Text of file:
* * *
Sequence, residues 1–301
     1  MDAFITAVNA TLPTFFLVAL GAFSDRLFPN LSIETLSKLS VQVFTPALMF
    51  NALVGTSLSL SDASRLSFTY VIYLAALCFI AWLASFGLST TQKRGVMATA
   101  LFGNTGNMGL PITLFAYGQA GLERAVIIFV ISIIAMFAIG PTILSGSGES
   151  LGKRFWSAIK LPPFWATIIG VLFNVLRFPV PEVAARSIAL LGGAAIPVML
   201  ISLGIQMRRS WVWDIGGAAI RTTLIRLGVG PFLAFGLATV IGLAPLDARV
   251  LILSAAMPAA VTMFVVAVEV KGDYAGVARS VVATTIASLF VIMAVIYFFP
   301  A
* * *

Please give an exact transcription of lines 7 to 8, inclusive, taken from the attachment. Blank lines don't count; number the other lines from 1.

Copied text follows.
   251  LILSAAMPAA VTMFVVAVEV KGDYAGVARS VVATTIASLF VIMAVIYFFP
   301  A